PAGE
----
Many other beloved online games began shutting their doors in the late 2010s too. Moshi Monsters ended support on 13 December 2019 as a result of the death of the Adobe Flash Player, with Bin Weevils following in similar fashion in 2021. The online virtual world aimed at children can’t keep up with the growing popularity of titles like Genshin Impact, and Valorant—even in spite of the dangers that these games present to young people.

What is New Club Penguin?

Is there a Club Penguin-shaped hole in your heart? Don’t worry, the wonderful team behind New Club Penguin are working tirelessly to bring back the game, in all its waddling glory. The fan package builds upon the foundation of the original game, while implementing and updating the world as they see fit. My favourite part of the revival is the fact that all players get access to a membership. Hooray for social equality!

If you’re in doubt about the longevity or success of New Club Penguin, the team announced in February that they’d hit two million registered users. Stellar numbers for a passionate endeavour like this.

I spoke to a few players from the game’s official Discord, who like me, were chasing fleeting childhood memories. User Melinix told me that she first played the game when she was nine, and now that she’s in her 20s she finds the revamped version “sort of comforting.” She continued, telling me that the game was helping her “disconnect from the real world.”

A developer for New Club Penguin who’s online handle is iContinux explained that he had been a fan of the game’s original release, and was initially attracted to the project “just for a bit of fun.” After a brief hiatus, he realised how attached he’d become to the work they were doing, motivated by the positive reaction the team were receiving from the games’ younger audience. “Of course, I appreciate all the ages that play, but we make it for the 6 to 13-year-old range and seeing their reaction in-game, on emails etc, is always so heartwarming.”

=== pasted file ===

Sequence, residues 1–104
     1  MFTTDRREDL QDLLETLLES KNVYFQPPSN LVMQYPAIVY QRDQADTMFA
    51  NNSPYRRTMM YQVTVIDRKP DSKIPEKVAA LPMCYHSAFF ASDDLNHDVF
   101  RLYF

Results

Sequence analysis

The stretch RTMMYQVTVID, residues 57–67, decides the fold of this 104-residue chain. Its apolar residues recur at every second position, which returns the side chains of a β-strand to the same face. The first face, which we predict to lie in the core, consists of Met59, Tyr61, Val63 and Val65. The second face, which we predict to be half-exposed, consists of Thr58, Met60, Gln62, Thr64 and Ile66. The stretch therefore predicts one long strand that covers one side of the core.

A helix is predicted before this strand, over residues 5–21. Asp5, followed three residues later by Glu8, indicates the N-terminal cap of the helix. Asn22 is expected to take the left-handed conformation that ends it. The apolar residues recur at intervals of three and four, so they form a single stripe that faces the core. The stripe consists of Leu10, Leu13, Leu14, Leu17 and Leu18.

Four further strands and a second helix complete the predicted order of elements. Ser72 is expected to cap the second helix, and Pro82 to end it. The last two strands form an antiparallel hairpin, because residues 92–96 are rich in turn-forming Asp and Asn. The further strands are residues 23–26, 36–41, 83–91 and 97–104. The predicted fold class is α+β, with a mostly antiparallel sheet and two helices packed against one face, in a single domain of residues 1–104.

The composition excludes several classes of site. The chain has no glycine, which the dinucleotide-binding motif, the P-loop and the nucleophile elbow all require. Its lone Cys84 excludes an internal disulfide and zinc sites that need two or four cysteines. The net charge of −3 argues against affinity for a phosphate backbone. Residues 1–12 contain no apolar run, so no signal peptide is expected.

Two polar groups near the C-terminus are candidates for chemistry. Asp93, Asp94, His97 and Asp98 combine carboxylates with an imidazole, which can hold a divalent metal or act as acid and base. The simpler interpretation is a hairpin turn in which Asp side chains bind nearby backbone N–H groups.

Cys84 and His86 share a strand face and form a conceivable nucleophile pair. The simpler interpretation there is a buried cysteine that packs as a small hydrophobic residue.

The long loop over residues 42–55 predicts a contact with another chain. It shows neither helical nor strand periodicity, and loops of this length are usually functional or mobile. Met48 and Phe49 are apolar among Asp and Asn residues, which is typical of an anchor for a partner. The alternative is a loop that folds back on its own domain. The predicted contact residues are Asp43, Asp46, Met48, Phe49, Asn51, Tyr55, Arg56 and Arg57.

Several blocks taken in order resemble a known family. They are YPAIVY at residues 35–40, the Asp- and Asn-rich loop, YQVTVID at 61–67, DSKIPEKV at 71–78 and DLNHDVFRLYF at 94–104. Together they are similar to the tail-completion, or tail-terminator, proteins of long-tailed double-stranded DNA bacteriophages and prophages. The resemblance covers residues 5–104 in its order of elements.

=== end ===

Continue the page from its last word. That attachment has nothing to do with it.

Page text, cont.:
New Club Penguin tries to approach the development of their iteration with all ages in mind. iContinux told me that their goal is to make content that’s “hard enough so the older audience can enjoy it, but simple and clear enough that the younger ones can do it without getting frustrated.”

I was surprised to hear that New Club Penguin was reaching its main audience, and wasn’t fueled solely by the flames of nostalgia. If you or your siblings are interested in taking a stroll down memory lane, head to their website and join the Discord to get started.

When asked about other virtual revivals, iContinux vouched for Moshi Monsters Rewritten, saying that the team was having a lot of fun playing it together. It’s not just Moshi Monsters and Club Penguin either, there’s a revival of Disney’s 2003 MMO ToonTown and even one for the insect utopia of Bin Weevils.

Nostalgia is a powerful drug, and it’s nice to see so many of the games we grew up with being championed by their communities. Particularly when the projects are so often neglected and forgotten by the original creators once the cash stops pouring in.

Catch them Zzzs with Pikachu: Pokémon Sleep will let you play while snoozing

On Monday 27 February 2023, also known as ‘Pokémon Day’ as it was the date that Pokémon Red and Pokémon Green debuted in Japan in 1996, Nintendo gave Pokémon fans a smörgåsbord of announcements.